Concordia transfers welcomed to Linfield


Maddie Loverich

Softball’s Kira Sneddon and Lydia Goss

Kate Walkup, Staff Writer

The abrupt closure of Concordia University in Portland left students stunned on a Monday morning last February. For a few, not only their academic career but also their athletic career seemed like it had been taken from them without any warning. 

Former Concordia student-athletes Isabelle Davis, Lydia Dillon, Maddie Serafini and Kira Sneddon awoke to a confusing mass text that went out to the entire school about a mandatory meeting. The news of the school closing due to financial instability came as a shock to these four student-athletes. Questions immediately sprung into their heads. What would the next step in their college careers look like? Uncertainty fell upon them as their minds spun trying to fathom the information they had just received. 

After completing two years of prerequisite courses at Chemeketa Community College, Sneddon had been committed to play softball at Concordia for the 2020-21 academic year while pursuing a degree in exercise science. “My coach texted me one day and I had already signed the papers and was going to send them to her, and she said they were closing down,” said Sneddon. All of her hard work, dedication and preparation to play at the next level seemed worthless. Her mind was like a flood of emotions, Sneddon had no idea what the future might hold.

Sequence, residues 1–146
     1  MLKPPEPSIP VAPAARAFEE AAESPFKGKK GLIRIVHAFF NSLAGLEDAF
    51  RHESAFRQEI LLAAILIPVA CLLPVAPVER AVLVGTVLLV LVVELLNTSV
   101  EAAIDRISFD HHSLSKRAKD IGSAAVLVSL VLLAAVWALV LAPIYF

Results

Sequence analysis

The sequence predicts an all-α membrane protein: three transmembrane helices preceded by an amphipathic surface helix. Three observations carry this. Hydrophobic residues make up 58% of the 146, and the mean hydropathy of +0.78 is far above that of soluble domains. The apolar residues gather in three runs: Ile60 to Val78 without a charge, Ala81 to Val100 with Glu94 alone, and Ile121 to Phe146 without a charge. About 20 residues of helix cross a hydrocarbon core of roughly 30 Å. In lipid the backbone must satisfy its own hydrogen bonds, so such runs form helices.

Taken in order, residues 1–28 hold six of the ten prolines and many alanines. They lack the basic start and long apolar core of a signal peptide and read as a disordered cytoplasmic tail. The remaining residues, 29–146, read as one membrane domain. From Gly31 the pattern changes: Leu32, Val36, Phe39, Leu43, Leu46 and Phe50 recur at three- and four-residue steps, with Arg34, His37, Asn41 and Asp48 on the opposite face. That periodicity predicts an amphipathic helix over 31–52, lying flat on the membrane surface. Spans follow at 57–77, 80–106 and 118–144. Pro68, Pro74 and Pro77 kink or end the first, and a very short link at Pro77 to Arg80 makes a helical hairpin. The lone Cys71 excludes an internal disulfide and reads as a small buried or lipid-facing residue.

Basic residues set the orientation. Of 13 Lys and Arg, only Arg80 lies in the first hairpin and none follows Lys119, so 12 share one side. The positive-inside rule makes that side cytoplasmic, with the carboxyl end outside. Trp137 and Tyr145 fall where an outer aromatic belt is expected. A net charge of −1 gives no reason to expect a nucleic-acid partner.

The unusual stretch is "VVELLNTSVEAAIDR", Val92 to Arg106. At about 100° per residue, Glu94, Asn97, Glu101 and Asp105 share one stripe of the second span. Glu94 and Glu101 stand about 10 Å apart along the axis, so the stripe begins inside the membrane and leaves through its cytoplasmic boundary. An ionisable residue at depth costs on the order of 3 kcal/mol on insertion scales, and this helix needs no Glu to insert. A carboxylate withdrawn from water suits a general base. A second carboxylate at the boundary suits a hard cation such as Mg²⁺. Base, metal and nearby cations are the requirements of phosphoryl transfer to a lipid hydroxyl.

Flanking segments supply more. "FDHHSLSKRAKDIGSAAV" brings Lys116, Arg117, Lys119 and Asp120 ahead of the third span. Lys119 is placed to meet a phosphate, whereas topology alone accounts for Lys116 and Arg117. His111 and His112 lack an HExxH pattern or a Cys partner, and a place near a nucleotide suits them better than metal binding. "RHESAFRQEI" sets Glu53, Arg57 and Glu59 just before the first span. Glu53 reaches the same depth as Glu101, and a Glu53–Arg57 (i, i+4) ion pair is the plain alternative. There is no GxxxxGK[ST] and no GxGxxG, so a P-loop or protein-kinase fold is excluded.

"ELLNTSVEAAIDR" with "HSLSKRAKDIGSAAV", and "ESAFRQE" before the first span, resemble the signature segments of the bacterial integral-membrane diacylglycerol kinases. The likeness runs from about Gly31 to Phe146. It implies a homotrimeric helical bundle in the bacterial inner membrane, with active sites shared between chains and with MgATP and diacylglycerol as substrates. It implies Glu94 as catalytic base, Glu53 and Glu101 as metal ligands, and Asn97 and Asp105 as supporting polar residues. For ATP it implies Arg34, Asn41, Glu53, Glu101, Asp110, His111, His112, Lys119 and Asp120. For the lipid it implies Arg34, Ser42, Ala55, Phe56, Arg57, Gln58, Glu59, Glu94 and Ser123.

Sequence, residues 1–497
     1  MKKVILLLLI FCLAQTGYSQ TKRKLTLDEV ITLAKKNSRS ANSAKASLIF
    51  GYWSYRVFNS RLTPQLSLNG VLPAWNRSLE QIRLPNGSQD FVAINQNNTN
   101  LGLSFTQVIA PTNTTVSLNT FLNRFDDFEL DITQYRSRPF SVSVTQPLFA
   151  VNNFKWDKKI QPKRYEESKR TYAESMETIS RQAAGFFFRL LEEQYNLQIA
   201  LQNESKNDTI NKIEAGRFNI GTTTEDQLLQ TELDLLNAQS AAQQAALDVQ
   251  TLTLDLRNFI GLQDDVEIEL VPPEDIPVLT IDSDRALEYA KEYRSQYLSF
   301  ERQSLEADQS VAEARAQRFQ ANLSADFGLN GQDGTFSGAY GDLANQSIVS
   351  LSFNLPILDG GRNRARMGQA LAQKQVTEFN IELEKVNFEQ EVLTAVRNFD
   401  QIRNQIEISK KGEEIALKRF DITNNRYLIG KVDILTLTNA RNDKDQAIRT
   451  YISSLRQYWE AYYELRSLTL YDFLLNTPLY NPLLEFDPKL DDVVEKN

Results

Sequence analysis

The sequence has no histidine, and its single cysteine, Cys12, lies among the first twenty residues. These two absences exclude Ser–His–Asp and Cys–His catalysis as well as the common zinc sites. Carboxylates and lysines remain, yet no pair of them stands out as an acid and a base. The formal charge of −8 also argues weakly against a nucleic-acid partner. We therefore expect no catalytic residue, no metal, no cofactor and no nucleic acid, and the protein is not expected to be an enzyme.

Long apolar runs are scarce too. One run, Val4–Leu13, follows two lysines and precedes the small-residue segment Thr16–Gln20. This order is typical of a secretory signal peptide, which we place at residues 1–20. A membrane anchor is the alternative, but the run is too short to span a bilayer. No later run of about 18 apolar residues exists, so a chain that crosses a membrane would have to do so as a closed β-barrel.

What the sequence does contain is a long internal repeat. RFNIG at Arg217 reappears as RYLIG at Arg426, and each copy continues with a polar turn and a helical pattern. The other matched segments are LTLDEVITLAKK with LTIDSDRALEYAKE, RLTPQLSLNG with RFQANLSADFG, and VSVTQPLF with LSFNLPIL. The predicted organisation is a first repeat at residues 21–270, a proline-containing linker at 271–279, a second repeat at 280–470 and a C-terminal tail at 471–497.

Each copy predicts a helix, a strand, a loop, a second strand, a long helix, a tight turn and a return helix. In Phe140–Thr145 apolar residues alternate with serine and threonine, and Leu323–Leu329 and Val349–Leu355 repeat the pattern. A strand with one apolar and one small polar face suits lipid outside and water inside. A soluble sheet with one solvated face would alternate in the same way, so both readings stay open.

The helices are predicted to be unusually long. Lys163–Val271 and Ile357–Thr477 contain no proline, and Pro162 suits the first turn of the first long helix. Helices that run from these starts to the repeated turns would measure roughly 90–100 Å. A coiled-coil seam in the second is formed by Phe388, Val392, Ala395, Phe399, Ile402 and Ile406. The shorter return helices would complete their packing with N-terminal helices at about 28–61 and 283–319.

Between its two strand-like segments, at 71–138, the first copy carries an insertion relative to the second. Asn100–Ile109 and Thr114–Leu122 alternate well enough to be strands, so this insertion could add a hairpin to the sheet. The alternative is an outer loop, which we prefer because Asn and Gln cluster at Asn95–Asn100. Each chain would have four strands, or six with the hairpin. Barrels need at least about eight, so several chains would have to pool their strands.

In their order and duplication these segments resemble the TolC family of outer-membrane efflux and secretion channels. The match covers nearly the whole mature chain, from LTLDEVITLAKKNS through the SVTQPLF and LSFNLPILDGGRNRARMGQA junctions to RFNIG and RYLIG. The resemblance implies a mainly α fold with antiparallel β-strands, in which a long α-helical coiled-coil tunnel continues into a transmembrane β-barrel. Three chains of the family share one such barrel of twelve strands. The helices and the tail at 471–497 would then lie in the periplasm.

“I wanted to be set on a school by January so when our season came, I was just focused on playing my last season at Chemeketa,” said Sneddon. Little did she know, this last season would be canceled just several weeks later due to COVID-19. After digesting the news, Sneddon began to search for another school where she could continue her academic and athletic careers. By June, she had decided to attend Linfield University and play softball for Jackson Vaughan, the softball coach at Linfield for the past 19 seasons. 

After practicing with the Linfield team for a couple of weeks this fall, Sneddon feels like she has already found a family and enjoys how intense and structured their practices are. Despite her being a transfer junior, Sneddon noted how welcoming and encouraging the team has been toward her. 

From Division I to Division II to Division III, junior Lydia Dillon has experienced the softball student-athlete experience from many different perspectives. After attending and playing softball for Boise State her freshman year, Dillon knew something needed to change. Concordia seemed like the whole package. She received impressive scholarships, allowing her to pursue a degree in nursing, continue to play softball and live at home. Subconsciously, Dillon suspected she was going to wake up from this perfect dream eventually. 

“We had just gotten back from an 11-day trip and got a text from the president of Concordia,” Dillon said. “I wasn’t even going to go to the meeting because I had an interview for a scholarship…I walked in and the vibe was really off.” The announcement that the school was closing made her feel sick to her stomach. No one knew this was coming. “My coaches were completely blindsided too,” she said. “They had no idea.”